Have you ever seen a recipe you’d love to try, except there’s one ingredient that you really hate? “No substitutions” may be a good rule in a greasy spoon, but it doesn’t apply in the kitchen. If you’ve read anything I’ve written, you might surmise that I don’t go out of my way to conform my behavior to society’s standards. I’m not a sociopath. Really. I’m not. I just can’t see doing what I don’t enjoy in order to be considered correct. When you take a recipe and make a few changes, you are not committing sacrilege; you are inventing another dish.
I don’t consider myself a picky eater because I’m the one who does the grocery shopping. That means that I don’t buy things I won’t eat, like zucchini, green beans, or lamb. I don’t cook foods that I don’t like and I don’t include ingredients that a recipe calls for just so that I’ll make an exact duplicate of whatever. Sometimes that means I leave something out; sometimes it means I substitute. My favorite meatloaf is the Quaker Oats Classic Meatloaf recipe, but I don’t always have oatmeal in the house. I’ve substituted cracker crumbs, pretzel crumbs, crushed cereal, and packets of honey-nut instant oatmeal for the Old-Fashioned or Quick Oats in the recipe. Nobody died; nobody got sick; nobody even complained. If I’m going to make meatloaf, it’s not going to be the same each time because I might have something sitting around that I’d like to add. Raisins, for instance. Don’t groan; if you make an Italian meatloaf, add some raisins and pignoli nuts. I like a variety of textures and flavors, and the fruit and nuts do the trick.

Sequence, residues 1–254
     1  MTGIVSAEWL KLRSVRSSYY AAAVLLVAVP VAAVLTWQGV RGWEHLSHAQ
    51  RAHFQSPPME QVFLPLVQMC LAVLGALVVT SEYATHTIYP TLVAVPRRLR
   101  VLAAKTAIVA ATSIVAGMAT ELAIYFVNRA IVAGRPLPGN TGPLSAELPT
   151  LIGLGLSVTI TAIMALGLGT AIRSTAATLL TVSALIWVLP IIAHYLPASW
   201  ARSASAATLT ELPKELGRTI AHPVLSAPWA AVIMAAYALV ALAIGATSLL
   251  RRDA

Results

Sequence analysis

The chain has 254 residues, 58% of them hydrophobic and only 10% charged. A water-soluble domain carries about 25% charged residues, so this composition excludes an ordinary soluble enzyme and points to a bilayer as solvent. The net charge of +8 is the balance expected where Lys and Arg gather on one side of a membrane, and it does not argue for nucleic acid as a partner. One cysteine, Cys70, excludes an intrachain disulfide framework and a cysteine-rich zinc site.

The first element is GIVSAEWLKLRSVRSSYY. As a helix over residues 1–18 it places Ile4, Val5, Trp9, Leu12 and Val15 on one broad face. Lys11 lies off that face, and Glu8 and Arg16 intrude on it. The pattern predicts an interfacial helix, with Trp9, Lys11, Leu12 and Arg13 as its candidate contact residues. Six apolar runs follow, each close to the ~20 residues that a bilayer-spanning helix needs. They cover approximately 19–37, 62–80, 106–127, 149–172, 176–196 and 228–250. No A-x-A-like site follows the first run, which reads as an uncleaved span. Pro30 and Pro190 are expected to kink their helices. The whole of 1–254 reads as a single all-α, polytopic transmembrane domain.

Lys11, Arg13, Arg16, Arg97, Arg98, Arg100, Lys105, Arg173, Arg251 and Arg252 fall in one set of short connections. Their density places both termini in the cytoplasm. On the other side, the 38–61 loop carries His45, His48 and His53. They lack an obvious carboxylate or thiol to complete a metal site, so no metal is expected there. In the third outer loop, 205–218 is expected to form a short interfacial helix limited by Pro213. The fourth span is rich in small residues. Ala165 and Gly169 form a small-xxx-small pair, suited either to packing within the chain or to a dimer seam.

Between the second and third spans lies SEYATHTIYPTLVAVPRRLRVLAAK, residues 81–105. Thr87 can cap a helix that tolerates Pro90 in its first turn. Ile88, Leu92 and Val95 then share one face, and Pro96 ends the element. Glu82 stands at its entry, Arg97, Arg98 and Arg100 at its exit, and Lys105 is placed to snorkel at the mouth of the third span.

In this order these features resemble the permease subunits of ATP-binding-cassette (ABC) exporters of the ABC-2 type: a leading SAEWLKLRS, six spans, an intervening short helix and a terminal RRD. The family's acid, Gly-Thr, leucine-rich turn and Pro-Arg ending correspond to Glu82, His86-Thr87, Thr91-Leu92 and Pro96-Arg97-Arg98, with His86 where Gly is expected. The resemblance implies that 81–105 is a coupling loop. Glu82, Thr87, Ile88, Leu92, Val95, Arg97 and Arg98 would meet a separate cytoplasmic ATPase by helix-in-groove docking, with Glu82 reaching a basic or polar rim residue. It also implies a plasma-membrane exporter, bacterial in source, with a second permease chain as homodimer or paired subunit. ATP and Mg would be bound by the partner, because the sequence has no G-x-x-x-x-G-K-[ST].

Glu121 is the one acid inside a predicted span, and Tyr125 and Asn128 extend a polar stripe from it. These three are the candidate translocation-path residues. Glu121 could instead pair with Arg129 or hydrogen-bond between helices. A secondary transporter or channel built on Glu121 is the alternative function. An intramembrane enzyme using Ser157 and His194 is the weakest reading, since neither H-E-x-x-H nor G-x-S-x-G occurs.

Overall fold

Meatloaf is no longer a regular menu item at our house because I don’t actually like ground beef all that much. I think it’s kind of gross, which is why I’ll eat a kid’s burger and not a half-pounder. If I’m craving a burger, it’s more that I’m craving the burger experience than the meat. It doesn’t happen very often, anyway, and when it does I give half the burger to Charity. Charity is my dog (Charity Marie Doggie-Dog, to be exact).